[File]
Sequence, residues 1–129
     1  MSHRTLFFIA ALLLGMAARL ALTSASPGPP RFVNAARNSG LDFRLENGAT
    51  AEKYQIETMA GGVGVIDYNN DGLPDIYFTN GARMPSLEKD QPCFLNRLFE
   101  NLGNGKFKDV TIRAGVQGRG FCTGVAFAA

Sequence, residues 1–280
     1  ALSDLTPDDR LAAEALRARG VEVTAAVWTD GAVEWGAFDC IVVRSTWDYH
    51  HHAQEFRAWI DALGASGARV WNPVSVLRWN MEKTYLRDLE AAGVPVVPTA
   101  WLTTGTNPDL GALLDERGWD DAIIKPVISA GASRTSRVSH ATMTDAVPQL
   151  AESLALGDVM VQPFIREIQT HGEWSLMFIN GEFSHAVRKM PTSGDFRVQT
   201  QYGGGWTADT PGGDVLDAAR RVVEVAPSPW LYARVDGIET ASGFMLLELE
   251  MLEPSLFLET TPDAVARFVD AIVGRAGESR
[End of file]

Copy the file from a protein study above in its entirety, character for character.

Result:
Sequence, residues 1–129
     1  MSHRTLFFIA ALLLGMAARL ALTSASPGPP RFVNAARNSG LDFRLENGAT
    51  AEKYQIETMA GGVGVIDYNN DGLPDIYFTN GARMPSLEKD QPCFLNRLFE
   101  NLGNGKFKDV TIRAGVQGRG FCTGVAFAA

Sequence, residues 1–280
     1  ALSDLTPDDR LAAEALRARG VEVTAAVWTD GAVEWGAFDC IVVRSTWDYH
    51  HHAQEFRAWI DALGASGARV WNPVSVLRWN MEKTYLRDLE AAGVPVVPTA
   101  WLTTGTNPDL GALLDERGWD DAIIKPVISA GASRTSRVSH ATMTDAVPQL
   151  AESLALGDVM VQPFIREIQT HGEWSLMFIN GEFSHAVRKM PTSGDFRVQT
   201  QYGGGWTADT PGGDVLDAAR RVVEVAPSPW LYARVDGIET ASGFMLLELE
   251  MLEPSLFLET TPDAVARFVD AIVGRAGESR